We
covered the various methods of generating statistics in the last installment; moving
forward, let's look at the data skewness problem and the
use of the Monitoring option for updating statistics on the fly.

### 10. Histograms

Histogram
tells the optimizer how the data is distributed for a column. This information
is used in determining the selectivity of the column for a given query and arriving
at an optimal execution plan.

Column
statistics in the form of histograms are appropriate for columns whose data
distribution deviates from the expected uniform distribution. For uniformly
distributed data, the optimizer can do proper costing for executing a
particular statement. When data is not uniformly distributed, also know as highly
skewed data distribution, the optimizer may not be in a position to accurately
estimate the selectivity of a query. This option provides statistics at a very
low level and its use would be rare, though it could prove very beneficial in
certain scenarios.

*Columns not eligible for histogram*

Please
note that histograms should not be used when any of the following is true.

The column data is uniformly distributed.

For example, if we have a column in a table that holds around 100
distinct values. If the number of records that each value holds (or a range of
values) is somewhat similar, the data is more or less uniformly distributed.

For instance, the table may have 100000 records, 20% of these are
between values 1-15, 15% are between 16-30, 25% are between 31-50 and so on. If
we design a data distribution graph (histogram chart) on these figures, the
height of each value or range will be more or less balanced.

The column is not at all used in query predicates.

There
is no need for providing histogram statistics on columns that are not being
used in query conditions. Histogram statistics are stored in the dictionary and
do take up space and analysis time of the optimizer.

All query predicates or criteria for the column use bind variables!

Yes
that's right, here Oracle requires that hard coded values be provided for use
of the histogram statistics. Bind variables will not make use of the same.

The column is unique and used only with equality predicates.

*Columns eligible for histogram*

If
the above rules are not satisfying for a column, it could be considered for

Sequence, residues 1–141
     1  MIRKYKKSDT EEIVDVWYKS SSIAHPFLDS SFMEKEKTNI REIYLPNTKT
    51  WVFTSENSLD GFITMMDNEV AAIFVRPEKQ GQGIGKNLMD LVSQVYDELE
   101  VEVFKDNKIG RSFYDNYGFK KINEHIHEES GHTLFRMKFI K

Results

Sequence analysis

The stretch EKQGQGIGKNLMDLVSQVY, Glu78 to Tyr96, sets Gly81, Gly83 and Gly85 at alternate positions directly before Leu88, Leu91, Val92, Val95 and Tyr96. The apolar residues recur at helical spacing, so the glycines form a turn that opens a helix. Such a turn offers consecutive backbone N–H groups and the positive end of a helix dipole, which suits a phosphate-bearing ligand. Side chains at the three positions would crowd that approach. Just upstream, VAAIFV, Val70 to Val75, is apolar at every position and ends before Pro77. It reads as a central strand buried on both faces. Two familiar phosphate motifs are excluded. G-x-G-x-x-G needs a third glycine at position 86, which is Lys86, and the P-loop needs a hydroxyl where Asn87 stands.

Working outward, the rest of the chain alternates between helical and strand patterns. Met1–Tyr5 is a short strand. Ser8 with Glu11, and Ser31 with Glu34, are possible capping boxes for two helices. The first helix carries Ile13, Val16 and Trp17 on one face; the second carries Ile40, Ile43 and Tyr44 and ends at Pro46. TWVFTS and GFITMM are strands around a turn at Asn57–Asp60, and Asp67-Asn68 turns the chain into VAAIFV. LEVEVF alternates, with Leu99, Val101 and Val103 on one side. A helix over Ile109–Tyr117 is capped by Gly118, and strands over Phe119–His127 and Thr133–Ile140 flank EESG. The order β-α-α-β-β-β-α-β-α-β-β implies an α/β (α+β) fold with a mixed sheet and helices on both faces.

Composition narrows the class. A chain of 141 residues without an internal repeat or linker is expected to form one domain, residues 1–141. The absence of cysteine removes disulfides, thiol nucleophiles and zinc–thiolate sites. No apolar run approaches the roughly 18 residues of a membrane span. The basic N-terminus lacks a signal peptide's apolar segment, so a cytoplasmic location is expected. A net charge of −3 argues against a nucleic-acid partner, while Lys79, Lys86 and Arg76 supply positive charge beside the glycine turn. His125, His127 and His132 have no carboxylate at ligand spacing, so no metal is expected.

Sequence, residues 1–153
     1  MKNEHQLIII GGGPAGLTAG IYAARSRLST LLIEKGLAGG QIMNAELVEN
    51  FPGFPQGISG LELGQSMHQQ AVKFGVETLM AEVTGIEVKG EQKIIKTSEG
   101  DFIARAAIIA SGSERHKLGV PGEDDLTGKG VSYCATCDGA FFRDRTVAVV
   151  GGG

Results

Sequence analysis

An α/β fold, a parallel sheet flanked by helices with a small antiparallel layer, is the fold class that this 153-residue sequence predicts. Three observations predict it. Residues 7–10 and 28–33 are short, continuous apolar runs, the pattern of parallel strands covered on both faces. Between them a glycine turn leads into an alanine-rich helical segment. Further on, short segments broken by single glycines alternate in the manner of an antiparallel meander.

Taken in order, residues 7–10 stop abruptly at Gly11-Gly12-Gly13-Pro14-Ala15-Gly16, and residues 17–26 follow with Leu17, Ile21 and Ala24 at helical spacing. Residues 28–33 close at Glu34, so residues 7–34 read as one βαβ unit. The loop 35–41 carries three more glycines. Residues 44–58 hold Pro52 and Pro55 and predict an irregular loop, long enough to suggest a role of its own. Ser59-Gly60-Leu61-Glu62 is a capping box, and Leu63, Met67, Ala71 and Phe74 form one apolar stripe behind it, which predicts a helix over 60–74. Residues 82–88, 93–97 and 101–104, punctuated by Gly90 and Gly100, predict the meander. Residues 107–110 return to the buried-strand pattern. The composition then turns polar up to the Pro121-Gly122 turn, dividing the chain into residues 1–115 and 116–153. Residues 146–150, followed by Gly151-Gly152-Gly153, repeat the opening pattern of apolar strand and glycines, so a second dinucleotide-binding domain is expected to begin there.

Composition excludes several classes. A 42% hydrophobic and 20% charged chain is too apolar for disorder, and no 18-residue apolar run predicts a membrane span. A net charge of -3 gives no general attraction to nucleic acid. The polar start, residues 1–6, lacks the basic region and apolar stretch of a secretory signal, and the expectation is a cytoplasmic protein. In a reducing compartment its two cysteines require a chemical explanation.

distribution statistics. For example, if we again consider a column that holds
around 100 distinct statuses in a 100000 records table, 80% of the values lie
between 15-30 and the remaining 20% is distributed in the other ranges. If we
design a data distribution graph (histogram chart) on these figures, the height
of few values or ranges will be very high where as others will be very low.
This shows an oblique line for the data distribution.

A
histogram is good for number columns. For character columns only the first 32
bytes (as of 8.1.7.4) of the string are used for building the histograms, this
may sometimes result in incorrect information being created if the size of the
column data exceeds this limitation.

User-specific
histogram values can also be stored in the dictionary using the
DBMS_STATS.PREPARE_COLUMN_VALUES and DBMS_STATS.SET_COLUMN_VALUES routines.

*Dictionary tables*

Histogram
information is stored in the following dictionary tables.

Histogram
values for columns in tables:

DBA_TAB_HISTOGRAMS

- endpoint_number - End point number
- endpoint_value - Normalized end point value for the
buckets.
- endpoint_actual_value - Actual data value, only shows
non-numeric value for the column.

For
partition table histograms values:

DBA_PART_HISTOGRAMS

DBA_SUBPART_HISTOGRAMS

For
evaluating histograms on indexed columns:

INDEX_HISTOGRAM

- repeat_count
- Number of times one or more index key is repeated in the table.
- keys_with_repeat_count
- Number of index keys that are repeated.

Other
Views that give similar data:

DBA_TAB_COL_STATISTICS

DBA_PART_COL_STATISTICS
DBA_SUPPART_COL_STATISTICS

Columns
in the above tables are self-explanatory.

*Buckets in Histograms*

Histogram
statistics are stored in the form of buckets. Buckets represent the partitioning
of data values, depending on the range. By default, 75 buckets are created. A
maximum of 254 buckets can be specified for a column. How many buckets are
required for a column will depend on the occurrences of distinct values. The
default number of buckets is appropriate, but you will have to experiment with
various bucket sizes to find the most suitable size.

If
the number of distinct column values is less than the number of buckets
specified, the individual column values and the count of these values is
directly stored as histogram statistics. If the number of distinct column values
is more than the buckets specified, Oracle uses an algorithm to store these
values in ranges. If a series of continuous ranges have the same value, they
may not be shown in the histogram table to save on space.

You
may find columns with one-bucket histograms, these are as good as no histogram
statistics and the optimizer ignores them.